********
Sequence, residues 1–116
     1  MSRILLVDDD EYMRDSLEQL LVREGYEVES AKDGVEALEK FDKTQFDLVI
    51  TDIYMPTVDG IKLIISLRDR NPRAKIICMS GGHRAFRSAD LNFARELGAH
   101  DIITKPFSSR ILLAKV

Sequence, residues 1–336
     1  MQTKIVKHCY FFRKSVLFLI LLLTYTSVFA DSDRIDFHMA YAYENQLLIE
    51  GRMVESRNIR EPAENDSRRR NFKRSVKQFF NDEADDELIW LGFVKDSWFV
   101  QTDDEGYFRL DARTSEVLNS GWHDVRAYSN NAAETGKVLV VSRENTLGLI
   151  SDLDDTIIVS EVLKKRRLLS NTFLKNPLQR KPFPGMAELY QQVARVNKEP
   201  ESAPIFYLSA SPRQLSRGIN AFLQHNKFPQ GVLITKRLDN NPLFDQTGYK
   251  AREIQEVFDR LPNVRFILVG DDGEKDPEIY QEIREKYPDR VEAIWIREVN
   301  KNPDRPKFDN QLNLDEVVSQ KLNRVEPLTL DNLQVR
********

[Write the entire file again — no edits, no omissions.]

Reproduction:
Sequence, residues 1–116
     1  MSRILLVDDD EYMRDSLEQL LVREGYEVES AKDGVEALEK FDKTQFDLVI
    51  TDIYMPTVDG IKLIISLRDR NPRAKIICMS GGHRAFRSAD LNFARELGAH
   101  DIITKPFSSR ILLAKV

Sequence, residues 1–336
     1  MQTKIVKHCY FFRKSVLFLI LLLTYTSVFA DSDRIDFHMA YAYENQLLIE
    51  GRMVESRNIR EPAENDSRRR NFKRSVKQFF NDEADDELIW LGFVKDSWFV
   101  QTDDEGYFRL DARTSEVLNS GWHDVRAYSN NAAETGKVLV VSRENTLGLI
   151  SDLDDTIIVS EVLKKRRLLS NTFLKNPLQR KPFPGMAELY QQVARVNKEP
   201  ESAPIFYLSA SPRQLSRGIN AFLQHNKFPQ GVLITKRLDN NPLFDQTGYK
   251  AREIQEVFDR LPNVRFILVG DDGEKDPEIY QEIREKYPDR VEAIWIREVN
   301  KNPDRPKFDN QLNLDEVVSQ KLNRVEPLTL DNLQVR